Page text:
Daily Management Review

First Annual Loss In A Decade Reported By Renault, To Make Major Cost Cuts


First Annual Loss In A Decade Reported By Renault, To Make Major Cost Cuts
Its first annual loss in a decade was reported for 2019 by the French auto giant Renault. This forced the company to also cut down its forecast for 2020. The company is currently rebuild its image after the Carlos Ghosn scandal and further strengthen its relations with Japan’s Nissan in its three-company alliance including another Japanese auto maker Mitsubishi.
The company announced Friday that it had incurred an annual loss of 141 million euros or $153 million compared to profit that it had reported for 2018. There was also a 30 per cent drop in operating profits to touch 2.11 billion euros.
"It has been a tough year for Groupe Renault and the alliance," said acting CEO Clotilde Delbos at a conference call. The company had been hit "right when we were facing internal difficulties" by a the broader global autos downturn, Delbos added.  
This loss has prompted Renault to also announce a target of reducing structural costs by 2 billion euros or $2.2 billion in the next three years and it has pledged to follow the cuts strictly. In this regards, the company also did not rule out possible cut in jobs as the company will be reviewing the performance of in all of its production units.
Starting July, Renault is to have a new CEO in the form of the former Volkswagen Group executive Luca de Meo. The main task for the new CEO would include staging a turnaround of the company as well as strengthening ties with Nissan.
The Nissan alliance was on track, assured Renault executives on Friday. While acknowledging that investors were still skeptical, Delbos said that both the companies would announce fresh targets together by May this year.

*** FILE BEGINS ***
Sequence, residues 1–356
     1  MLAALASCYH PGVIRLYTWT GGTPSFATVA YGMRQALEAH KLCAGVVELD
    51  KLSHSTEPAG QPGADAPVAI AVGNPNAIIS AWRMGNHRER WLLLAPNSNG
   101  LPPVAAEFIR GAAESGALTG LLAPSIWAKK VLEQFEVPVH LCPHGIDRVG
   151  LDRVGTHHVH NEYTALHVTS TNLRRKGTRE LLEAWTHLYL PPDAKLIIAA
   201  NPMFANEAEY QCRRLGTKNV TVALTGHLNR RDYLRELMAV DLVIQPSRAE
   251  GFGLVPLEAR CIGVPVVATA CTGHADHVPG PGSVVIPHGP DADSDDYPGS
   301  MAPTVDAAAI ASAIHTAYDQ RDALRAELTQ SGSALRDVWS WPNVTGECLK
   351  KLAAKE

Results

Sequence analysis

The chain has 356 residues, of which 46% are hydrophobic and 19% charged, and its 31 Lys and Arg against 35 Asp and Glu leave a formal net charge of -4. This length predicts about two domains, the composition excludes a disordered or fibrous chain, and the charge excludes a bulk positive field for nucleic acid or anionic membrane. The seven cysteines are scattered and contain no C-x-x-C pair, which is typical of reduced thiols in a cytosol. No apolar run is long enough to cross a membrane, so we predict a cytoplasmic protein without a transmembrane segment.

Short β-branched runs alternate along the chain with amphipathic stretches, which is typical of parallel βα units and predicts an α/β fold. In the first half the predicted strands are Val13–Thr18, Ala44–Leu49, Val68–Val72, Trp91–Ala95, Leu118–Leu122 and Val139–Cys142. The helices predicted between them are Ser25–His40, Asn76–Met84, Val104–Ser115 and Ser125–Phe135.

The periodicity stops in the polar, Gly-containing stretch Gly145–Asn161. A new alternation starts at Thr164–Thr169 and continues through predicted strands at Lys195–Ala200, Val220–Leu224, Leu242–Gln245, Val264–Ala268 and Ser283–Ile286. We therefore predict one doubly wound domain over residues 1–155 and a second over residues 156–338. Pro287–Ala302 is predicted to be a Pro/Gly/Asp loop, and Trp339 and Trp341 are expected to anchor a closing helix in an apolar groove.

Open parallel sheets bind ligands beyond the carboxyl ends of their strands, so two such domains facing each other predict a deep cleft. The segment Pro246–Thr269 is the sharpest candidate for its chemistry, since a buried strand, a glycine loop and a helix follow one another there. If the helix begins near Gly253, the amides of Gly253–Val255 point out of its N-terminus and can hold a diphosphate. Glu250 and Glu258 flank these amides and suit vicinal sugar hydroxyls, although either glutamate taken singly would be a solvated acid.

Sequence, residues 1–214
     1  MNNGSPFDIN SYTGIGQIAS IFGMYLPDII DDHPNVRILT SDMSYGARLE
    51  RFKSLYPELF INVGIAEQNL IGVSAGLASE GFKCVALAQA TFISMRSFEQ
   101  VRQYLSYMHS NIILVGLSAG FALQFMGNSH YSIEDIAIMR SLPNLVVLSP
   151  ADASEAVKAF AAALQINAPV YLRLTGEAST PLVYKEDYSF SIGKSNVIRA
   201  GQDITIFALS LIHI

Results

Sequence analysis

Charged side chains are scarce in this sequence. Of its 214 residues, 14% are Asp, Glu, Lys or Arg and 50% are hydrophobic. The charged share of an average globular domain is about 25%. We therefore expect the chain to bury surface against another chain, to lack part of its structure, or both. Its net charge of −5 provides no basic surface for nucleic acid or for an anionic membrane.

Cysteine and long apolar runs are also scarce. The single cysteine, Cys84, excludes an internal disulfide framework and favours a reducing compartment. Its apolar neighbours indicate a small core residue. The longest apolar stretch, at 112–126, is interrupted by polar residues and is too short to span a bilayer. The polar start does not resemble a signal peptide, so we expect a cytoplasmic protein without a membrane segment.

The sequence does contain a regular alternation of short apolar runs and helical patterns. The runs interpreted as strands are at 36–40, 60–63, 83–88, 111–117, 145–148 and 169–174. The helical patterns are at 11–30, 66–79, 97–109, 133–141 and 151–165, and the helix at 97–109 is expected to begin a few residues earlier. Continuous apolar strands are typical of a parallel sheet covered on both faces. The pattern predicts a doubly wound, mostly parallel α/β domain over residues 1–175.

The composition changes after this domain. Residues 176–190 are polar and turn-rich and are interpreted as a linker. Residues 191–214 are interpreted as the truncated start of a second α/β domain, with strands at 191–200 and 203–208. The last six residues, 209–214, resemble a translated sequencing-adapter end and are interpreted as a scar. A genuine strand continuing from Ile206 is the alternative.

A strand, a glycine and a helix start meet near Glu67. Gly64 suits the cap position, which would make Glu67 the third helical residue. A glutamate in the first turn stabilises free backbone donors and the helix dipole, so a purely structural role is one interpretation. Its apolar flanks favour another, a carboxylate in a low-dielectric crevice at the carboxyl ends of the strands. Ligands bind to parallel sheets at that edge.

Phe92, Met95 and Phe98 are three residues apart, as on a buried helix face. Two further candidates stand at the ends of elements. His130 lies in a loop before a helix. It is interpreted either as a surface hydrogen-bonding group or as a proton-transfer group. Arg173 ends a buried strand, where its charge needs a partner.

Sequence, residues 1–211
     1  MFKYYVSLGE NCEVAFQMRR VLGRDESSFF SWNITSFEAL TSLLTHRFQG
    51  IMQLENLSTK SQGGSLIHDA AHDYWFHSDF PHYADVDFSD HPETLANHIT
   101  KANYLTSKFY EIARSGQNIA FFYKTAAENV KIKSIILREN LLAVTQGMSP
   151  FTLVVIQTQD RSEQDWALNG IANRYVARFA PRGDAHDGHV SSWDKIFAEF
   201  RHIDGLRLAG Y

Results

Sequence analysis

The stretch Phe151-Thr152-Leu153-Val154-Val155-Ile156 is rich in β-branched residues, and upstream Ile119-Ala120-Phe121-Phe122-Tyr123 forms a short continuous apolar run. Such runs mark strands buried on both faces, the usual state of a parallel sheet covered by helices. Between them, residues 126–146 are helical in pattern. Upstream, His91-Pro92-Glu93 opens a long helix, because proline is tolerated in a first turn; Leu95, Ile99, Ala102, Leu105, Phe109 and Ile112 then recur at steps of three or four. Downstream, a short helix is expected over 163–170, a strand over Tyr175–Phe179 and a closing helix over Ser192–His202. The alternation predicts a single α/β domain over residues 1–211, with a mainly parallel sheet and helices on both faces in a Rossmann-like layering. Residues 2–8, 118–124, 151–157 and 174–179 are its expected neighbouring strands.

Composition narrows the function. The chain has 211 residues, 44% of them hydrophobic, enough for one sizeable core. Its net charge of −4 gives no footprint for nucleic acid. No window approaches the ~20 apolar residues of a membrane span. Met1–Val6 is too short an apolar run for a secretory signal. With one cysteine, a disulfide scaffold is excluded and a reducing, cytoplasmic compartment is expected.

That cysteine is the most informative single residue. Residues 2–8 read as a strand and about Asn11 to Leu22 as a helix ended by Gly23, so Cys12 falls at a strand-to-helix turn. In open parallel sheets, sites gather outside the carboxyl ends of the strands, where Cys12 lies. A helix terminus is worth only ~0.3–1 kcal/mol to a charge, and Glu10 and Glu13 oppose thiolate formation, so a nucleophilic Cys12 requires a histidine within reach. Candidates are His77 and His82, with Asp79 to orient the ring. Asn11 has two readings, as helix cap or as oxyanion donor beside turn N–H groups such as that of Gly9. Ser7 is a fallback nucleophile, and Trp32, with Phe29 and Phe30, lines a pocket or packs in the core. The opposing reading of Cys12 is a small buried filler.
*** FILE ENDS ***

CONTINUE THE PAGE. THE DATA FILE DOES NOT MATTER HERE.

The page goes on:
Delbos said, there is no time for Renault to wait until de Meo take charge of the company in July.
Following the ouster of Thierry Bollore, a long-standing Ghosn ally, from the post of CEO in October last year, the company had named Delbos as the interim CEO of the company. Delbos is set to continue her role as the finance head of the company after the joining of de Meo.
After doing away with restructuring costs, Renault will be able to report a positive cash flow, a metric that is being closely watched by analysts, in 2020, Delbos said. "We are very confident that there is no topic on cash availability within the group," Delbos said.
The contribution of Nissan to the income of Renault dropped to 242 million euros in 2019 compared to 1.51 billion euros in 2019. 43 per cent of Nissan is owned by Renault. Nissan itself reported its first annual loss in almost a decade as the Japanese company also cut down its profit forecast for 2020.
The sale of Renault last year has suffered in a number of countries such as in Argentina. The company said that its business operations in China needed to be adjusted. Renault operates in China under a joint venture with local Chinese auto maker Dongfeng for passenger cars vehicles and with partners with Brilliance China Automotive Holdings for manufacturing light commercial vehicles.